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Wednesday, June 6, 2012

The Pen is Mightier than the Sword

"The pen is mightier than the sword" – when has that proved true for you? Do you fight better with words or with your fists? In fighting with the words, do you tend to pout? Tease? Provoke? Ridicule? Do you get your best zingers by thinking quickly on your feet, or by composing your words on paper? (Serendipity Bible 10th Anniversary Edition, page 666).

The statement "The pen is mightier than the sword" raises the question "To what extent are words backed up by the sword?" Obviously, it is difficult to say with certitude that words alone are effective if they are always backed up by the sword – the underlying threat of violence or physical force in one form or another. Another difficulty is discerning where words leave off and ideas begin. For example, the word "liberty" is powerful. But to what extent does the power come from the idea or concept of liberty and not from the word itself (a symbol taking on the forceful attributes of the underlying concept)? Since it is difficult to differentiate and pristinely isolate the idea from the word, perhaps one could just as well say "Ideas are mightier than the sword." But words deal not only with intellectual concepts, but reveal emotion and attitude. So in dealing with this question we need to add another saying "Attitude is mightier than the sword."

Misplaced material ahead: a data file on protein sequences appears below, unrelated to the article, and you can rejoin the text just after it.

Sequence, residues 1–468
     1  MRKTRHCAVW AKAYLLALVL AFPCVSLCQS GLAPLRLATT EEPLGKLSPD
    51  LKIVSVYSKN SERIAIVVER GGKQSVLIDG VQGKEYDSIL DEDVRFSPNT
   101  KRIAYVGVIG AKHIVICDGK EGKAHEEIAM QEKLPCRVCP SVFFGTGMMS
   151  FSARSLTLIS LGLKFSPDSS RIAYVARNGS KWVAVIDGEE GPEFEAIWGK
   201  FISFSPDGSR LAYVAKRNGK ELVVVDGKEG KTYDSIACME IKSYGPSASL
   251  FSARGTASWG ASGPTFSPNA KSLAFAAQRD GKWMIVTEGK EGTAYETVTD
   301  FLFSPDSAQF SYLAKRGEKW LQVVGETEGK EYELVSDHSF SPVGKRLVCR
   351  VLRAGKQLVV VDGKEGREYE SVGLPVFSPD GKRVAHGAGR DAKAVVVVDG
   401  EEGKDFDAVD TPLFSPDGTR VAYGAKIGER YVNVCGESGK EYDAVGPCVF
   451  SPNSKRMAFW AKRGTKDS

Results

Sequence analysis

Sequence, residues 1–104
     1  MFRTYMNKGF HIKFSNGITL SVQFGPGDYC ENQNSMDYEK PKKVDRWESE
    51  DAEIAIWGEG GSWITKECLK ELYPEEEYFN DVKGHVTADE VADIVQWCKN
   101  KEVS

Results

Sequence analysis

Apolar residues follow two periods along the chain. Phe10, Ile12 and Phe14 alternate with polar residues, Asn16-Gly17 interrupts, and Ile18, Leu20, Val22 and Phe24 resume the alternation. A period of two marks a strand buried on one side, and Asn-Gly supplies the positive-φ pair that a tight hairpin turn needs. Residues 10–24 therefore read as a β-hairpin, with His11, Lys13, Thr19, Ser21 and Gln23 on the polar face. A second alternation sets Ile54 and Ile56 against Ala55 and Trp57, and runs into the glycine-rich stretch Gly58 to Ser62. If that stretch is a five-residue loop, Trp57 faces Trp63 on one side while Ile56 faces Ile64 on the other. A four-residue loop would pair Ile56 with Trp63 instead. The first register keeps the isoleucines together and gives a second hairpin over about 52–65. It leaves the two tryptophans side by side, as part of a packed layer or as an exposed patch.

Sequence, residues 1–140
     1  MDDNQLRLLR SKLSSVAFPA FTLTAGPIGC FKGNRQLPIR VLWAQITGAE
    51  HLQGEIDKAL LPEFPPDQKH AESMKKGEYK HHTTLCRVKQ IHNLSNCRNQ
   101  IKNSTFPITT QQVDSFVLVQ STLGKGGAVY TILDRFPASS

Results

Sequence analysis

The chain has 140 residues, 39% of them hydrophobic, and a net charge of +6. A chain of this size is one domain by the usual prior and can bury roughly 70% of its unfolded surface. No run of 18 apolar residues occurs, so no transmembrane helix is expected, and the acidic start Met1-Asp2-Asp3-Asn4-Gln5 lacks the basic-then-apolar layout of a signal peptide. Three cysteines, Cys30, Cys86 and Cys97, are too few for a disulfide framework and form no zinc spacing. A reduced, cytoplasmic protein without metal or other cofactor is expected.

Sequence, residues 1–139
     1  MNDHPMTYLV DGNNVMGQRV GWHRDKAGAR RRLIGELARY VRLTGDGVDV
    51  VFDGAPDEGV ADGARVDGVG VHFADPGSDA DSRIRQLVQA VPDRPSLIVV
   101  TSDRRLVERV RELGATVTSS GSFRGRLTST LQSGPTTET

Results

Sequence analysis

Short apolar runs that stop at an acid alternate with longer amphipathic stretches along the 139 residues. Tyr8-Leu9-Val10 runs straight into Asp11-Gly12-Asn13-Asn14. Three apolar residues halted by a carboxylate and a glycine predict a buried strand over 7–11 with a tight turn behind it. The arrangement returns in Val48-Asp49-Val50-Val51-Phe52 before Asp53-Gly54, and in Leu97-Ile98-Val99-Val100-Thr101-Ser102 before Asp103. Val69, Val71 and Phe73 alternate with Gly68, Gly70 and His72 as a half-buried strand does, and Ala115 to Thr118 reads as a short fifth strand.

We can amplify the original statement as follows: the pen (or words or ideas or attitudes) are mightier than the sword (the exercise or threat of violence or physical force in one form or another). The question asked was: "when has that proved true for you?" The first response of many might well be that words are the only tool they've ever had – never having significant authority or power with which to threaten others. This is a disingenuous response for it is in the nature of man to harbor power. For example, some of the most significant exercises of power ever made were made by martyrs. We hold the inclinational power to say "yes" or "no" in thought and disposition if not in action. This power is what some parents find so exasperating about their strong-willed three-year-olds.

Words, ideas, and attitudes greatly influence our perception and thus have great power. The exercise of this power is characteristically beyond control of the will. Much going on within and beneath the mantles of thought and emotion are autonomous and have no easy levers of control. None of us dare assume we are immune to being played up on like an instrument – much like Iago played upon Othello. I am greatly affected by the attitude displayed in others. When someone has a good attitude, I find it almost impossible not to like them and tailor my reactions accordingly. If someone expresses an idea that arouses deep inner emotion within me, my "cool objectivity" flies out the window. The sword simply lacks the power to control perception as readily as words, ideas, and attitudes. In the short-term the sword can control actions. But brute reliance on force is a candle burning at both ends. Brute force is ghastly and haunted by its own inexorable mortality.

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